Participant Media

One of the biggest movie events of the year, the Academy Awards, came and went this Sunday, Feb. 24, celebrating its 91st year of honoring the best that cinema has to offer. Now that the winners have all been had their time to shine, it is time, yet again, to see if our predictions came out right.

Best Leading Actor:Rami Malek (“Bohemian Rhapsody”)

Best Leading Actress:Olivia Colman (“The Favourite”)

Best Director:Alfonso Cuaron (“Roma)

Best Picture: “Green Book”

Thoughts on Best Picture

“Green Book” winning Best Picture has caused some mixed reactions from people. Many viewers (ourselves included), were hoping to see the gold go to the far more acclaimed “Roma” or “The Favourite,” or even “BlacKkKlansman.” Even “Black Panther” receiving the award would have been more of a welcomed choice. In some ways, “Green Book’s” win could be seen as a step back for the Academy. Just when it looked like they were starting to embrace more non-traditional choices for the award such as “The Shape of Water” or “Moonlight,” they award the film that seemed like the most safe, predictable choice imaginable.

While “Green Book” is far from a bad film, once you get past the dynamic performances by Viggo Mortensen and Mahershala Ali (with Ali receiving a well-deserved win for Supporting Actor), the rest of the experience in both presentation and narrative don’t leave much of an impact by the end. The film also won for Best Original Screenplay which, while interesting to see a more comedic spin on these kinds of stories, was largely a basic “racism is bad” kind of story that barely explored its themes with any hint of complexity.

Other Winners

Blumhouse Productions

In both Supporting Acting performances, we predicted correctly with Ali winning for Actor (“Green Book”) and King winning for Actress (“If Beale Street Could Talk”). A long overdue win for Spike Lee was finally awarded for Best Adapted Screenplay for “BlacKkKlansman.” It’s great to see how 30 years after his groundbreaking hit “Do the Right Thing,” Lee is finally being recognized for his work.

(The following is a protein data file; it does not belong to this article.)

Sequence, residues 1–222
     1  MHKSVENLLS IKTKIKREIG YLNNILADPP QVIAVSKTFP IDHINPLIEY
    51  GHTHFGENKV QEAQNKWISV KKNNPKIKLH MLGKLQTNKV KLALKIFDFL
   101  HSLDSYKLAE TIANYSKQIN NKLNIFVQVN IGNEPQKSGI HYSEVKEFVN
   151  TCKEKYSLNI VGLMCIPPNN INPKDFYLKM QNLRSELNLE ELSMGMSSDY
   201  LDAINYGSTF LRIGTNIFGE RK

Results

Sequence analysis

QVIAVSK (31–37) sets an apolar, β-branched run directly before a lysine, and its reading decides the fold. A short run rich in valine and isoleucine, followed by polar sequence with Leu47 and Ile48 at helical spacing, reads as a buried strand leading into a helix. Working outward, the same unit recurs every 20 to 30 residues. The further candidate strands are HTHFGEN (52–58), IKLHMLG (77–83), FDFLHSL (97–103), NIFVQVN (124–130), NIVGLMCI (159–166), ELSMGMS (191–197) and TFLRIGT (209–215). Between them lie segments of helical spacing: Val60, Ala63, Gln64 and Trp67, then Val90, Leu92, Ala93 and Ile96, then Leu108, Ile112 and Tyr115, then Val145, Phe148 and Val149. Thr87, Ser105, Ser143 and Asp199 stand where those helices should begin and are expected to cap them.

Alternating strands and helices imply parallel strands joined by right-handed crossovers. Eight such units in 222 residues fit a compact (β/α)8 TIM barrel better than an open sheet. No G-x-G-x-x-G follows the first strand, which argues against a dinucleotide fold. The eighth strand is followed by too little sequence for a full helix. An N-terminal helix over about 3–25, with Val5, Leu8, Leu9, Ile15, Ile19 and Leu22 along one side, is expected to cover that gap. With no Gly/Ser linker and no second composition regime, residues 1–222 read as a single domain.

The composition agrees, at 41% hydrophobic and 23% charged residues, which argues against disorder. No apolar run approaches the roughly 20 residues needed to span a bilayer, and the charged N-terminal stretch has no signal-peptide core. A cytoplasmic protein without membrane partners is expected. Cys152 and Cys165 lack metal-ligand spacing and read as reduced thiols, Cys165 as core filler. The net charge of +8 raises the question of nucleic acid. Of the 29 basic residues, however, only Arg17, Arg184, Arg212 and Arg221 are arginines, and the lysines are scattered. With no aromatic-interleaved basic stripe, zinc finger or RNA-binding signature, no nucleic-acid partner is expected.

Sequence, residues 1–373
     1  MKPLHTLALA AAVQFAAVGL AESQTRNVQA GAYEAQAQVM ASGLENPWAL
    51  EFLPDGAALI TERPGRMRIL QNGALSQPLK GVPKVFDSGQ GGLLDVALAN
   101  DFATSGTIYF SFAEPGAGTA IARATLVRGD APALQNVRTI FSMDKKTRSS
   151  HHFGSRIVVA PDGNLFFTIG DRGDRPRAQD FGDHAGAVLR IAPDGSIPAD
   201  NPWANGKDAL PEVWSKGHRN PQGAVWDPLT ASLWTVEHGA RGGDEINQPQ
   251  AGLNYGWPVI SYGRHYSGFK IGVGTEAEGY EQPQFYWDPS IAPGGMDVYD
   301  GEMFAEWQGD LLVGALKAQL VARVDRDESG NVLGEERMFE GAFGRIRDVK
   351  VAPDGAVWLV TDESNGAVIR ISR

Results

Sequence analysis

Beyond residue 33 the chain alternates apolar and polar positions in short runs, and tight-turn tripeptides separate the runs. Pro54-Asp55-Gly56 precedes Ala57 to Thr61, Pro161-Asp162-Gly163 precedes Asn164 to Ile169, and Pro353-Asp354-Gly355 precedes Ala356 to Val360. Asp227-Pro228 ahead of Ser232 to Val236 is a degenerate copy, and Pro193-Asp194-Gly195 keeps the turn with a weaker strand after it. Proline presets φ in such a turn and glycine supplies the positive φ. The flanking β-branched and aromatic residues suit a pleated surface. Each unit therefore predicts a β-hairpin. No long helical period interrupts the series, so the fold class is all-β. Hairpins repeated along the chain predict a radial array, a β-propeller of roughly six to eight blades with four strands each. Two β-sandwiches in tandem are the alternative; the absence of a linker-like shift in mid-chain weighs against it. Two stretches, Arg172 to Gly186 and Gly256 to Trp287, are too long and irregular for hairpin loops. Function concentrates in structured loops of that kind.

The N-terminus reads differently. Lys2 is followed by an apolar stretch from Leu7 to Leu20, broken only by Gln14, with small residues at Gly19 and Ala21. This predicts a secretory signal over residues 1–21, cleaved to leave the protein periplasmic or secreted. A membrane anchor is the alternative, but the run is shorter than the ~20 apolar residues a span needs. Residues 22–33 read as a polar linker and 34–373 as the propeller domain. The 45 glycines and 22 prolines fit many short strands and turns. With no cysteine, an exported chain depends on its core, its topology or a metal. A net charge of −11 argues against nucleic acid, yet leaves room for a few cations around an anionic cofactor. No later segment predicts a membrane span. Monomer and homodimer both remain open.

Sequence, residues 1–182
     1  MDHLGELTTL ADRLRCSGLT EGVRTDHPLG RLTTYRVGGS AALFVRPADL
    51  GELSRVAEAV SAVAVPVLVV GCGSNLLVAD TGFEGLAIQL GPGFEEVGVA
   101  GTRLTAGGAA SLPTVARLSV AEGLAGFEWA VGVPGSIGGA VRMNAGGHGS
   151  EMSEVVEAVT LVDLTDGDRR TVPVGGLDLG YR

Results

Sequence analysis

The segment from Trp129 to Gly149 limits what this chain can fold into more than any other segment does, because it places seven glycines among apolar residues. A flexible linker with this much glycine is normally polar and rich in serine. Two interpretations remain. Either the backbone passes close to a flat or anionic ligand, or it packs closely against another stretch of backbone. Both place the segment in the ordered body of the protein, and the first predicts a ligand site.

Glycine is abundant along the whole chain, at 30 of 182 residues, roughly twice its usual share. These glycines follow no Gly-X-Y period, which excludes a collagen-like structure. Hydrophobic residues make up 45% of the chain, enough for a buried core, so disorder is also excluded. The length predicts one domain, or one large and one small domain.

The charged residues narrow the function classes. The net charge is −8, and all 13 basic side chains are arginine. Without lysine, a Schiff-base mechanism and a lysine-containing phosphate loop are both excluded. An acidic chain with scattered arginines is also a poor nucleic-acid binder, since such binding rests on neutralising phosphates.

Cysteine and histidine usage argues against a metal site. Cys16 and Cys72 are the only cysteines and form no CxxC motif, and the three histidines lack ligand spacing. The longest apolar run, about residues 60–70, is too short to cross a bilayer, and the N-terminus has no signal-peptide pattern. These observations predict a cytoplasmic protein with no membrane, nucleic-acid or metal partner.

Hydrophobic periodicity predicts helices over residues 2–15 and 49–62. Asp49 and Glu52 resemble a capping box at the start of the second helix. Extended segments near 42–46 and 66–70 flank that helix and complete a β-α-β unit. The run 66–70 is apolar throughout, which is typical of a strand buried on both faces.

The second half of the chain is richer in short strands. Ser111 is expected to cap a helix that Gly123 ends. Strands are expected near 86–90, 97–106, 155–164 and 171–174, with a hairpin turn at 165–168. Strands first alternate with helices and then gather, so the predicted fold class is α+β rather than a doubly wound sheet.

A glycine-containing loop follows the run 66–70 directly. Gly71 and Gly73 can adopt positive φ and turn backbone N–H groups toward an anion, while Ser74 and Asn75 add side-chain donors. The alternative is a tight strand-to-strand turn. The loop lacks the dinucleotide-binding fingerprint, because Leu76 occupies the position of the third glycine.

Most of the technical awards weren’t huge shockers, but some surprises snuck their way in there. Unsurprisingly, “Roma” won for Cinematography, however, it seemed to be a shoo-in for Sound Editing and Mixing as well. Rather, the Academy awarded these categories to “Bohemian Rhapsody,” along with a win for Film Editing. History was made with “Black Panther” being Marvel’s first film to win at the Academy Awards, with three well-deserved wins out of its seven nominations for Best Costume Design, Best Production Design and Best Original Score. Speaking of music, “A Star is Born” won for their show-stopping number “Shallows,” followed by an inspiring speech by Lady Gaga.

Sony Pictures Animation

A certain spider thwipped home the gold with “Spider-Man: Into the Spiderverse” getting a win for Best Animated Feature. The stunning, groundbreaking visual extravaganza beat out both Pixar’s “Incredibles 2″ and Disney’s “Ralph Breaks the Internet,” making this the first non-Disney or Pixar Best Animated Feature winner since 2011’s “Rango,” and the first to win against a Disney or Pixar film since 2006’s “Happy Feet.” Pixar did find success, however, with a win for Best Animated Short Film for “Bao,” the creative, heart-felt short that had everyone talking. Finally, Visual Effects went to “First Man,” which didn’t have much in the way of competition, even though seeing “Infinity War” win for its mind-blowing CGI work would have been equally welcome. 

The Show

The road to this year’s show seemed to be set up with a disastrous decision after another. From the Best Popular Film controversy to the debacle with Kevin Hart hosting the ceremony to certain categories not being televised, the show had a bumpy road to try getting out of a rating’s slump from last year. Fortunately, the Academy was quick to correct its mistakes by taking out the Popular Film award and televising all the awards, with great payoff.

Overall, the show was far better than some of the previous years, largely due to the absence of a host. With this modification, the show moved at a far smoother pace and was never bogged down by heavy-handed political speeches or terrible jokes. A few did sneak their way in there, such as a cringey exchange between John Mulaney and the exceedingly annoying Awkwafina (although Spike Lee’s reactions were priceless) and a bizarre presentation for Costume Design by Brian Tyree Henson and Melissa McCarthy, but none of them dragged on and were few and far between.

Academy of Motion Pictures Arts & Sciences

Several the speeches were also worth noting. As mentioned before, Lady Gaga’s acceptance for Best Original Song was a noted highlight, however the speeches for Hannah Beachler for Best Production Design and Ruth E. Carter and Best Costume Design were equally powerful. Olivia Colman’s acceptance speech for Best Actress was adorkably humble and heartfelt throughout. Spike Lee owned the night, however. Lee’s upfront and blunt nature made for some of the most comedic and inspiring moments of the evening, with his speech being particularly effective.

This year’s Academy Awards may have had its hiccups and questionable choices, but it was a great improvement over the last few years overall and it’s good to see the Academy is listening more to its viewers. Hopefully, this is a sign of even more ambitious changes, but only time will tell. Until then, keep watching movies and see you next year.